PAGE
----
Road Trip: The Works Museum

Having a friend who lives far away is tough because we miss them, but it also means we get two places to explore together!  Last week, I packed the kids up and we headed to Newark to visit Alyson and her son, Colton at The Works Museum.

It was all highway, taking 161 until it turned to 37 and then we got off onto route 16. Do yourself a favor and look at an actual map every once in a while, because the little iPhone screen will not show you that this is the SAME ROAD that Velvet Ice cream is on and you could have easily combined these road trips.

Admission was $19 for the three of us, which wasn't too bad, but next time I'd like to stay longer to make use of the admission fee. If you are a COSI member, you get in for 50% off. Parking was free and easy, but be careful when you pull back out of your spot because the lot centers around a one way street (and 3 hours later, you won't remember that and it can be awkward).

Right away, I was impressed with the cleanliness and organization of the discovery areas. There are staff members circulating to reorganize and to politely make sure kids aren't climbing up to play with the full-size skeleton display (surely my son would never do that??)

Similar to COSI, there are certain areas appropriate for different age groups, but the little ones were free to explore wherever they liked. We liked the Tyke Lab the best, especially because it was a secure area with a locked gate. Hooray for confinement with lots of fun imaginative play activities! There were dress-up clothes, blocks, a cafe, a market, fire truck, doctors office, puppet show, ball-run, and train table stocked with clean items in excellent condition.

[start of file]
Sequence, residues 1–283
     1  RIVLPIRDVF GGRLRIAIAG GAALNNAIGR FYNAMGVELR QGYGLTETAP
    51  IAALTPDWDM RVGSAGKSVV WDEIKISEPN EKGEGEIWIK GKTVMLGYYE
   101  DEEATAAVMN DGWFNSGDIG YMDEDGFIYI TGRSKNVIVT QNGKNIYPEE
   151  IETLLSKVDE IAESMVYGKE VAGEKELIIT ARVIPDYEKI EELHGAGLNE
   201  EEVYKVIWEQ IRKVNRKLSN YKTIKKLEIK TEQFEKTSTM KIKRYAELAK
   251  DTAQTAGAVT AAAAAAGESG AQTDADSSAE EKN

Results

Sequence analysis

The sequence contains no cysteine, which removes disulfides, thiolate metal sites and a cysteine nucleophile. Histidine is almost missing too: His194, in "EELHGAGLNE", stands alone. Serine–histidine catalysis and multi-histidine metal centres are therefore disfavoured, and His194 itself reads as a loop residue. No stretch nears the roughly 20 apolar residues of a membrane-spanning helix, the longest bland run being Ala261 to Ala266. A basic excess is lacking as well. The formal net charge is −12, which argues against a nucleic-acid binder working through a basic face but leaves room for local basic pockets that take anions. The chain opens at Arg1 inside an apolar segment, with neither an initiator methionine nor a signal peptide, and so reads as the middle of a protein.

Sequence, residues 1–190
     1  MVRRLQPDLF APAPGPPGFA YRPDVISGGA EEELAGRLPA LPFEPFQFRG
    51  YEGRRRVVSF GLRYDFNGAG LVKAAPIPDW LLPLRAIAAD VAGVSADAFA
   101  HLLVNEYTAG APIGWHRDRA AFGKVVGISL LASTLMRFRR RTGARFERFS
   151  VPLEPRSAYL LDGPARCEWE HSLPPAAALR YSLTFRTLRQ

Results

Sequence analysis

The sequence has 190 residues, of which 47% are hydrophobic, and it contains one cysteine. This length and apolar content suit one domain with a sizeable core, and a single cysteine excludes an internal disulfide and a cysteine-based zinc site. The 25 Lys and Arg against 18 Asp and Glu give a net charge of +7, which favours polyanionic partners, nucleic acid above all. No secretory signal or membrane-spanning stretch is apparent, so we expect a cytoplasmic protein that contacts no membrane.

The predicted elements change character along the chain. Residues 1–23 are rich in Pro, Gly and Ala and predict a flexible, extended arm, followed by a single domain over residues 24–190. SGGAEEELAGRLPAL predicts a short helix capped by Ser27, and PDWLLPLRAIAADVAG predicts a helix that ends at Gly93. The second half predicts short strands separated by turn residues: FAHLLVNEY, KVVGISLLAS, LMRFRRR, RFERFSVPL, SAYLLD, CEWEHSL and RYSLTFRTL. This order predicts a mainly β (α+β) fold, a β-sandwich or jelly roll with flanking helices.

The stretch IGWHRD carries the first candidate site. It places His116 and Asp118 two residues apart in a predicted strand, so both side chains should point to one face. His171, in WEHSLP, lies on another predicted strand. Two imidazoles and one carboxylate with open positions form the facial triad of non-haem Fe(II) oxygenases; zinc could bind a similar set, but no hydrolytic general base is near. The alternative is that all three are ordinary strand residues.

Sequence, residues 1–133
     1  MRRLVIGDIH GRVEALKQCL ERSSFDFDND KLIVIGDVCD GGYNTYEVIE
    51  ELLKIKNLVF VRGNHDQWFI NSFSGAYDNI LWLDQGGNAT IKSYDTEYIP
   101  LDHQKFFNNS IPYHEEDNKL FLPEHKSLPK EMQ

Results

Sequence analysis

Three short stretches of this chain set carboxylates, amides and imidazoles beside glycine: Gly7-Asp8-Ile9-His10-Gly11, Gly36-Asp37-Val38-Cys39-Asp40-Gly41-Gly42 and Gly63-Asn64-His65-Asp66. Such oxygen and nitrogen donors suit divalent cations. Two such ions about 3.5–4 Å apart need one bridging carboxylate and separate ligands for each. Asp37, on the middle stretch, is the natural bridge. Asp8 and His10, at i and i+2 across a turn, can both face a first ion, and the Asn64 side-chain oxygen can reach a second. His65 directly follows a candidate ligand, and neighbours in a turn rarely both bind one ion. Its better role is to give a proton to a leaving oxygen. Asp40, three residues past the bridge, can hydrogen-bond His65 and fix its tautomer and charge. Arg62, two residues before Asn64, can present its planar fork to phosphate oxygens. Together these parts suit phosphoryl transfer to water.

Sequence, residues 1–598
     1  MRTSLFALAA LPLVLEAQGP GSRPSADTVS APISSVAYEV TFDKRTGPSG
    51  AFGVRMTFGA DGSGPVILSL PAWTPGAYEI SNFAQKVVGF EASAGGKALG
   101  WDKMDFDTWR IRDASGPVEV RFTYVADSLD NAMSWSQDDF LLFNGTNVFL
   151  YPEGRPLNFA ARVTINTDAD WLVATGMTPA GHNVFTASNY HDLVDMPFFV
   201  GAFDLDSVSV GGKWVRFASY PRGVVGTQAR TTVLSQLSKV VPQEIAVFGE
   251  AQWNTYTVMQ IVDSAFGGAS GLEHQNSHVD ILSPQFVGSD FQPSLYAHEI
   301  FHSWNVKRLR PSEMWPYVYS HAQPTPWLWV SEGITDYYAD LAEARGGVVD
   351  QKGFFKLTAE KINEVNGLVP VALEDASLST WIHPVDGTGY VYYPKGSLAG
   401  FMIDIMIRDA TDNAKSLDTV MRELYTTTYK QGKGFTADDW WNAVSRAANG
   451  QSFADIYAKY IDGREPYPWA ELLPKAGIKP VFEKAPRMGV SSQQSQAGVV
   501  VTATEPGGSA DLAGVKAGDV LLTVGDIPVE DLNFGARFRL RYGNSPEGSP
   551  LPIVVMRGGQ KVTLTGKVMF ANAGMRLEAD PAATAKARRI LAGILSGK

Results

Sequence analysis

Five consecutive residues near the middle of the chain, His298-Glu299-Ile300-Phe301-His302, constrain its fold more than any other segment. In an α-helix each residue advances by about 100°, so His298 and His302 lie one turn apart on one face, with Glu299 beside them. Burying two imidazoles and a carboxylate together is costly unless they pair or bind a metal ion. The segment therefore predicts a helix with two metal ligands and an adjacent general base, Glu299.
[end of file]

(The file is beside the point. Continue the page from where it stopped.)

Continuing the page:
Other areas included take-apart stations with tools (real and pretend tools), exploring the body, building and racing cars, and all sorts of wonderful STEM activities. Every kid was engaged and happy!

We walked around the outdoor courtyard for a little bit, where there are some hands-on sound experiments and a train car they can explore. Apparently members can rent the train car for birthday parties for FREE!

We went upstairs to the historical area, which included (gasp!) rotary phones, lots of train displays, and the featured exhibit of Jerrie Mock. This OSU grad was the first woman to fly solo around the world and hails from Newark. The kids loved getting into the plane.

Down the hall, we could explore what a little town would look "in the olden days" and even sit inside a room to play board games together. This area was hot hot hot because of the awesome glass-blowing studio below it.

We ate our packed lunches inside (you can bring lunch, but can't walk around with snacks to keep the facility clean). There is a cafe across the courtyard and a sitting area in a garden on the side facing 1st street. Bonus: If you walk down 1st Street to the end of the block, you will likely see a train. My kiddos wanted to camp out and wait for the train to go--it was definitely a highlight!

Across 1st Street, there is The Works Letter Press and Wood Shop, where you can stop in by appointment or during special events. And as I mentioned before, pair this with your trip to Velvet, and you'll have the perfect day trip. Have fun!

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